We have featured the work of NY based Matthew Palladino on the blog in the past (here). He has an uncanny ability to reveal subtle dark humor within everyday objects and situations. Palladino has just unveiled a new series of vinyl on canvas and ink on paper paintings that extend his cryptic vision. Figures sway as his claustrophobic compositions warp and pulsate. In other pieces fabric swatches shift and mutate throughout explosive abstractions. In his own words, “The work I make is not like science, it doesn’t begin with a question. It instead tends to end in a question.”
Bubi Canal was born in Spain and currently lives in New York City. His lavish photographs are inhabited by whimsical beings free of inhibitions. Surreal childlike notions are presented against stark land and cityscapes. In his own words Canal wishes to highlight “…wishes, dreams, magic and love.” His youthful optimism shines as his striking imagery transports the viewer to a marvelous world all his own. Canal has just opened a solo exhibition entitled Special Moment that runs through March 10th at Munch Gallery NY.
Julius Hofmann lives and works in Germany. His acrylic on canvas paintings have depth and surface details that harken back to early stop motion puppet or clay animation stills. His work operates like a series of vignettes that may or may not be part of a unifying narrative. Themes of desperation, fear, and paranoia emerge from his muted scenes. Like projected nightmares Hofmann’s brash and haunting works thrill and mystify.
SF based installation artist Gregory Ito has just wrapped his latest exhibition at Eleanor Harwood Gallery entitled Moonstruck. The press release defines the show as “…an exhibition that deconstructs Ito’s impassioned relationship with the Moon, in hopes of connecting viewers with the constant looming presence of the lunar sphere that floats high above us. By referencing domestic spaces, romantic companionship, and his personal history, Ito presents new works that highlight his engagement with the Moon through assembling images, objects, text, textures, and gesture. Ito raises awareness of the Moon’s encompassing presence throughout human history, and acknowledge the void that exists between the general populous and the sky above us. Ito aims to present works that encourages viewers to address their individual connection with the Moon and redefine it’s significance in today’s social and cultural climate.”
Christian Flynn has a knack for reducing a scene of mundane objects into basic shapes in order to reveal the optical art qualities inherent in them. Blinds, Gates, and Windows become powerful patterns in otherwise commonplace settings. His choice of color allows the paintings to operate as stylized landscapes and still lifes as well as early computer graphic renderings. His interest in technology is reinforced by a painting of a computer screen running Photoshop and another piece depicting a tablet on top of a cutting mat. (via)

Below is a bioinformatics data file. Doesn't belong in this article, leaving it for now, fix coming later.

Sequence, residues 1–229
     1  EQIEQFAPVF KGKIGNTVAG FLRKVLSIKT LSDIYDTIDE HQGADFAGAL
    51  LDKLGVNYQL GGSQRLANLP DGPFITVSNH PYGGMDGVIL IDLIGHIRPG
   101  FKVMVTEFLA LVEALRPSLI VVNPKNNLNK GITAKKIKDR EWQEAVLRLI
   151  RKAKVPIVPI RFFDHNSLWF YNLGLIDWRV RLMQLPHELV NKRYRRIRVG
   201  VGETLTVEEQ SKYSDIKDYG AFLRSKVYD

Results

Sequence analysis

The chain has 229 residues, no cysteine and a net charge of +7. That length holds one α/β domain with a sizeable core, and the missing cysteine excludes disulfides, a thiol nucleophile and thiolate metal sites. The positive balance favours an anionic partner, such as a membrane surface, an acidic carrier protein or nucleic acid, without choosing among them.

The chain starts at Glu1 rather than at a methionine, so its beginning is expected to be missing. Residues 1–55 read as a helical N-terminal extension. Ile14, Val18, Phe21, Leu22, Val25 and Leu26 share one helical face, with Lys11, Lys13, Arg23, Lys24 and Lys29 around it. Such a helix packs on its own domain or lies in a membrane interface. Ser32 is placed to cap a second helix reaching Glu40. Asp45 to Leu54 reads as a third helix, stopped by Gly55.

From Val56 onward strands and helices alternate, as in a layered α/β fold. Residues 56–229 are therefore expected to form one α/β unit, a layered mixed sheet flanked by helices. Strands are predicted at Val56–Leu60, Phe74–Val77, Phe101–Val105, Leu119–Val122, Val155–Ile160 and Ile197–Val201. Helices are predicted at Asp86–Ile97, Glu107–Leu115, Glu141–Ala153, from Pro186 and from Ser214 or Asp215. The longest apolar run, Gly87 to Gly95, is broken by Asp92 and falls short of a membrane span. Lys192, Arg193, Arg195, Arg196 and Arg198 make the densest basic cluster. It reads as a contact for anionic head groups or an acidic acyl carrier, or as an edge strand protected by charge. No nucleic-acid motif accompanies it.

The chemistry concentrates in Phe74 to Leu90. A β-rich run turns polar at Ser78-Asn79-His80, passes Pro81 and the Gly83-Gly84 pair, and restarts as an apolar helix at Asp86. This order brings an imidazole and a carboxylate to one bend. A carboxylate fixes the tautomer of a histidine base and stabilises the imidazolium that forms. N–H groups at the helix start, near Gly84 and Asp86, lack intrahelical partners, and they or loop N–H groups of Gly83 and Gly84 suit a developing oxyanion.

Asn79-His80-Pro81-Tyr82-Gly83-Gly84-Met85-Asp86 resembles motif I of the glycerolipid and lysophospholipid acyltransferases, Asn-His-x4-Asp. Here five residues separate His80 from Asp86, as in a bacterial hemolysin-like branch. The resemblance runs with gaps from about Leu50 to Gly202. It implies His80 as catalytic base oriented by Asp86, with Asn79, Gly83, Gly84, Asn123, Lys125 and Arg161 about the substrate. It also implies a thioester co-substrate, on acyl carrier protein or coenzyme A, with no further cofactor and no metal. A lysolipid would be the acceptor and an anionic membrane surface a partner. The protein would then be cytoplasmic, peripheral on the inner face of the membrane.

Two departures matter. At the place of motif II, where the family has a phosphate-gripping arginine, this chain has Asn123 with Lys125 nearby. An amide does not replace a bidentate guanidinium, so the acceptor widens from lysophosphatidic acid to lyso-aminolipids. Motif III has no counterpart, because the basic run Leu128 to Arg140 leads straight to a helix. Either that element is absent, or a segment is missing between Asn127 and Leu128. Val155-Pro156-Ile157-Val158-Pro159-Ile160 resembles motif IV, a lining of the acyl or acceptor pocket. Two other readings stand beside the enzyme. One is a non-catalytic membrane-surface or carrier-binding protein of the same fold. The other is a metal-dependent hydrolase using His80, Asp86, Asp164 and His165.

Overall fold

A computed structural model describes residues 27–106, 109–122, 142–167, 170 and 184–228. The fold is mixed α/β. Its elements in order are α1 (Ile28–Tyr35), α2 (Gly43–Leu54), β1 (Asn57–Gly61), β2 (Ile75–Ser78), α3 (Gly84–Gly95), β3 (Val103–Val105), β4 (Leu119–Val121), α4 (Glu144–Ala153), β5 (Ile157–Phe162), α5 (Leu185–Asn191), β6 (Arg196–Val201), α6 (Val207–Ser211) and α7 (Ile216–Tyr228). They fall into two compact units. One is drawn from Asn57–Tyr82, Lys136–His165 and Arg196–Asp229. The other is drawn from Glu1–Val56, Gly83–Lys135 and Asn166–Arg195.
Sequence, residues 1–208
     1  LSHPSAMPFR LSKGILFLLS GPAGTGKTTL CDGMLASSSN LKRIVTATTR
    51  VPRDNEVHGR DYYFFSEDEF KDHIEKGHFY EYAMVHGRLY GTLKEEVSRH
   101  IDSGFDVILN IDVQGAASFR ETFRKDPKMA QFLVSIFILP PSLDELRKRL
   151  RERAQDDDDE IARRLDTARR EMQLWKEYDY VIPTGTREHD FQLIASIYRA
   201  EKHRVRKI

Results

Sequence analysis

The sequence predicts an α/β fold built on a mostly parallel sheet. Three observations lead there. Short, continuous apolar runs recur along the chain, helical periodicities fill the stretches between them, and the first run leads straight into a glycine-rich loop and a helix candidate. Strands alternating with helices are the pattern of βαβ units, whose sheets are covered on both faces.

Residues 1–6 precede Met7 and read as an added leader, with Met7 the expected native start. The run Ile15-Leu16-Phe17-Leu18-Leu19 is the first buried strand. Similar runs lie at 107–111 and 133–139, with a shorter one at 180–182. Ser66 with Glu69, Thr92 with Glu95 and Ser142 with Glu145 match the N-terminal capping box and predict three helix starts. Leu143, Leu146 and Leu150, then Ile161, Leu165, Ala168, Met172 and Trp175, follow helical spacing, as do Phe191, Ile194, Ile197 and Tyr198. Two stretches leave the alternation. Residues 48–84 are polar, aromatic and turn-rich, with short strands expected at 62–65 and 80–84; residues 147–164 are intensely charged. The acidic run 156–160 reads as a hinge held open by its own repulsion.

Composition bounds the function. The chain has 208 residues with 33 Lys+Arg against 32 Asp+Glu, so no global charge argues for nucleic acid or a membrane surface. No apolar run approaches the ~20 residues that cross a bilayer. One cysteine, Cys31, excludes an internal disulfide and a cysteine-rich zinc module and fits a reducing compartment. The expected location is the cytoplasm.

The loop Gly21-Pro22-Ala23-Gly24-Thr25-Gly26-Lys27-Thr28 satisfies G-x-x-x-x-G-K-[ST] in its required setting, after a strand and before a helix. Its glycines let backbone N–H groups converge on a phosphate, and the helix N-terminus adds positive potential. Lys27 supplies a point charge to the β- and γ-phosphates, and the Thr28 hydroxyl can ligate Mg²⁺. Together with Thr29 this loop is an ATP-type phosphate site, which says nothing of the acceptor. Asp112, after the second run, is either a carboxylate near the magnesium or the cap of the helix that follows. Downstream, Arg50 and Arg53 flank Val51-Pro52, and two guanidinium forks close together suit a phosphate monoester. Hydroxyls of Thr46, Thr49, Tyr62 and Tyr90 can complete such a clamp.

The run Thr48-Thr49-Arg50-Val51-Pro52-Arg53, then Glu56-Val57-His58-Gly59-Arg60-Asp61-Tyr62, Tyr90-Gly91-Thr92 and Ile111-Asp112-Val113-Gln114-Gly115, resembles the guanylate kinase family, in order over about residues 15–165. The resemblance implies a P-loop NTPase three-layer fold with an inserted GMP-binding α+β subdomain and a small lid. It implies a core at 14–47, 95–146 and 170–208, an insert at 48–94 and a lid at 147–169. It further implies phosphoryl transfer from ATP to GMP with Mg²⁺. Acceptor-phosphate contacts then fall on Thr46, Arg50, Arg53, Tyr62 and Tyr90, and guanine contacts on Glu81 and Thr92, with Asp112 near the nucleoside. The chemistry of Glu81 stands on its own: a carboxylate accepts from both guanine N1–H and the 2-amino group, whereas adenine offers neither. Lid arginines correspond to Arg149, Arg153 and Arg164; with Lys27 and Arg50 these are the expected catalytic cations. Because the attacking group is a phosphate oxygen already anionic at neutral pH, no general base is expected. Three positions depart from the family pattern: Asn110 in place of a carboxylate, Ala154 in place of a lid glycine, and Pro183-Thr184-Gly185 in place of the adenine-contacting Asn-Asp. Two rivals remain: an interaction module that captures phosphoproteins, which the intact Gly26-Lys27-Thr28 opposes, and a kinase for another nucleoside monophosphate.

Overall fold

Michael Massaia is a documentary style photographer who specializes in black and white film. His “Lost: Las Vegas Call Girl Cards” series touches on the over-saturation of advertising, commodification, waste, and salaciousness within our culture. In his own words: “The photos were taken with my modified 8×10 camera with two 100 watt flood lights mounted to it. All of the images were captured on black and white film developed in Pyro. I then handmake split toned silver gelatin prints for each one. The images were all captured at night on the ground/street or on the grass, where they eventually get thrown after they are handed out along the strip in Las Vegas.”
Hisham Bharoocha lives and works in New York City. He is a founding member of Providence, RI bands Lightning Bolt and Black Dice. Currently he is focusing on his band Soft Circle as well as paintings, drawings, collages, and photographs taken during his extensive travels. His biography states that “Hisham’s newest works deal with the melting together of images that happens in the mind when one is meditating, dreaming, day dreaming, or going about their daily lives. Bharoocha likes to observe how his visions and feelings all blend together to create a massive medley of images and vibrations that one can feel in the body. Hisham tries to create works that show the absurdity and logic of how each mind works, what kind of relationships it creates between experiences and images that we absorb through our senses moment by moment.”
UK based artist Hannah Waldron began weaving in 2010. Since then she has produced a series of spirited abstractions that explore form and shape. Like maps to a quirky fantasy land a la Richard Scarry her work offers the glimpse of a joyous world populated by line and color. Her long compositions reach across the wall and sometimes barely touch the floor below. Other times her finished work is displayed within the loom as a way to bestow insight on the artform. (via)